Courtenay Griffiths has acted for the defence in some of the UK's most controversial cases.
He has defended the IRA following bombing attacks in the UK, as well as representing one of the youths cleared of murder charges relating to the death of Damilola Taylor - the 10-year-old boy who was killed on a London housing estate in 2000.
Most recently, his position as lead defence lawyer for former Liberia President Charles Taylor has seen his cross-examination of supermodel Naomi Campbell and other high-profile witnesses make headlines across the world.
Talking over the phone from The Hague, he discussed his career with the BBC World Service's Matthew Bannister.
He explained that although defending people like Mr Taylor is considered controversial, his conscience remains clear.
"Our system of justice cannot operate unless there is a semblance of equality between prosecution and defence. Otherwise it becomes an inquisition and that would soon lose the confidence of the public.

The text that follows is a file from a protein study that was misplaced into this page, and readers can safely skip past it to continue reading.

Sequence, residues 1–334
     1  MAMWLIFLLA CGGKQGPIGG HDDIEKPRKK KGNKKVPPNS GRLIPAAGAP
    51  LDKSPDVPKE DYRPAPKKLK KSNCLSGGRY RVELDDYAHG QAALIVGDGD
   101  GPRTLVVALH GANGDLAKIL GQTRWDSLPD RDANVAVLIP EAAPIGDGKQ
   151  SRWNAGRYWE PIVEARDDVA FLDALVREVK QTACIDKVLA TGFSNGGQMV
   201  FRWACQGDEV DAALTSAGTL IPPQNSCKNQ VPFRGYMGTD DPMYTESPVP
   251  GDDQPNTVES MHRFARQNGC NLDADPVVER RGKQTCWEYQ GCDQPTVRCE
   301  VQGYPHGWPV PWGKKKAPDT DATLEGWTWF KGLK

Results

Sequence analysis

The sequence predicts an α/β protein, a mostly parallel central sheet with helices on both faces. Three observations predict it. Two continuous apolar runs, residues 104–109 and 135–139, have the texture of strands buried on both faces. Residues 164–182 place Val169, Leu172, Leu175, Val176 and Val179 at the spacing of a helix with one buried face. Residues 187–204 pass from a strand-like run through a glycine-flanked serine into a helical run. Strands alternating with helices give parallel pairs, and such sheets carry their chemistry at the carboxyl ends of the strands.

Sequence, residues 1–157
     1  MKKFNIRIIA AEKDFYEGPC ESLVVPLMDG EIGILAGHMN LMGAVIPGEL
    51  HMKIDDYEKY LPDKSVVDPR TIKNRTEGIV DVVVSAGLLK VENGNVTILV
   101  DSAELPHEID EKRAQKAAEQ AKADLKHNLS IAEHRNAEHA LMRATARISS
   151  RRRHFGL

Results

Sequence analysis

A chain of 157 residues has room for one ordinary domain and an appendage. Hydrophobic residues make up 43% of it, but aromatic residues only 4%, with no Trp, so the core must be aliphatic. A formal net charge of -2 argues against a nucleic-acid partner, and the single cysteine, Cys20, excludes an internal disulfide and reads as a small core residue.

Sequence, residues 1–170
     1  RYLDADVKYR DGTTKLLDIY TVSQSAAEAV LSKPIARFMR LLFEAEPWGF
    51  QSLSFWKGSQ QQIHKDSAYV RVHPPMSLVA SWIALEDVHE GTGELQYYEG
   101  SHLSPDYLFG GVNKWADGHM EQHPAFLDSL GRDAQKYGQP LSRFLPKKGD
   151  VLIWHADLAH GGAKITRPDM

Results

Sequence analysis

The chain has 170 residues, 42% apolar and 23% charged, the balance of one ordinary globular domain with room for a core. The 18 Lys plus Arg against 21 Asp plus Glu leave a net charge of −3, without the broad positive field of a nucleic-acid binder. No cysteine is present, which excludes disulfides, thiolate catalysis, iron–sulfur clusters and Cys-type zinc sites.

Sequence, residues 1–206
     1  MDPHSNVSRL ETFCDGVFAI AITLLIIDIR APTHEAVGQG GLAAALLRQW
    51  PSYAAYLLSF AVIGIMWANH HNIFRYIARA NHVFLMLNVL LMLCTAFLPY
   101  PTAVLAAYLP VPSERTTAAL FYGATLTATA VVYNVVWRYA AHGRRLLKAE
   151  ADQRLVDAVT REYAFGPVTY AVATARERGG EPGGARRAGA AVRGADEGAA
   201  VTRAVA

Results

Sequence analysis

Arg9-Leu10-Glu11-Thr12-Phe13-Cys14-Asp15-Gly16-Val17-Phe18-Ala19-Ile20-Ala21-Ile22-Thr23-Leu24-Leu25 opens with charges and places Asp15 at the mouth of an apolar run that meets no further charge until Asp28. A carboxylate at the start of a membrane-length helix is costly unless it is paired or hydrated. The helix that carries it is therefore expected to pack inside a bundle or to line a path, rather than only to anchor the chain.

"It is right and proper that a defendant, however heinous the crime committed, has the right to the best representation."
Despite the serious allegations of war crimes levelled against Mr Taylor, Mr Griffiths maintains it is irrelevant to his right to a good defence.
"The morality of Charles Taylor is none of my business.
"That's between him and his God, whichever God he chooses to worship. My job is to present his case in court. I'm certainly not going to be making moral judgements about any of my clients. I've defended, for example, terrorists - but to make a moral judgement about such defendants is to forget that, you know, one man's terrorist is another man's war hero.
It is this strong belief in fair representation for the accused that drives Mr Griffiths, and that his own view on whether his client is innocent or guilty has never had any bearing on how he works.
"My job is to present a case, and it's for the jury or for the judge to decide that issue. Consequently it's not a question that I ask. I may have my own suspicions, but at the end of the day I'm not the person returning the verdict, so consequently my views are totally immaterial."
Mr Griffiths' determined attitude to his work is a product of a challenging and diverse upbringing.